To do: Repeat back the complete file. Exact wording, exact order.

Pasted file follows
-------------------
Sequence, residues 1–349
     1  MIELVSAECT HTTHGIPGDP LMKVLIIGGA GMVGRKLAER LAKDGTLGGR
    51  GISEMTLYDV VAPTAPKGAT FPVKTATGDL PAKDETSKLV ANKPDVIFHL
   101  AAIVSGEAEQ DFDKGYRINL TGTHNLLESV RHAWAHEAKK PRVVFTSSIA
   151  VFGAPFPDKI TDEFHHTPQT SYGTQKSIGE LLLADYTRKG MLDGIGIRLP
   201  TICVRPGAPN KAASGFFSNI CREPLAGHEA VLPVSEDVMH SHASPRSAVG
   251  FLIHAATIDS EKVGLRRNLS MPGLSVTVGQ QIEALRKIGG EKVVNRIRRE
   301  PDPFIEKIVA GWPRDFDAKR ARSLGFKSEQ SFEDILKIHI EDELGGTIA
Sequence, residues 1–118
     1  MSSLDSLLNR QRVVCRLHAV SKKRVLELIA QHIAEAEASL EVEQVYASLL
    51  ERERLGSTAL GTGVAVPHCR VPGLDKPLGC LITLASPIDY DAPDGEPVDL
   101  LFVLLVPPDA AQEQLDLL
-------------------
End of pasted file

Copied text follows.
Sequence, residues 1–349
     1  MIELVSAECT HTTHGIPGDP LMKVLIIGGA GMVGRKLAER LAKDGTLGGR
    51  GISEMTLYDV VAPTAPKGAT FPVKTATGDL PAKDETSKLV ANKPDVIFHL
   101  AAIVSGEAEQ DFDKGYRINL TGTHNLLESV RHAWAHEAKK PRVVFTSSIA
   151  VFGAPFPDKI TDEFHHTPQT SYGTQKSIGE LLLADYTRKG MLDGIGIRLP
   201  TICVRPGAPN KAASGFFSNI CREPLAGHEA VLPVSEDVMH SHASPRSAVG
   251  FLIHAATIDS EKVGLRRNLS MPGLSVTVGQ QIEALRKIGG EKVVNRIRRE
   301  PDPFIEKIVA GWPRDFDAKR ARSLGFKSEQ SFEDILKIHI EDELGGTIA
Sequence, residues 1–118
     1  MSSLDSLLNR QRVVCRLHAV SKKRVLELIA QHIAEAEASL EVEQVYASLL
    51  ERERLGSTAL GTGVAVPHCR VPGLDKPLGC LITLASPIDY DAPDGEPVDL
   101  LFVLLVPPDA AQEQLDLL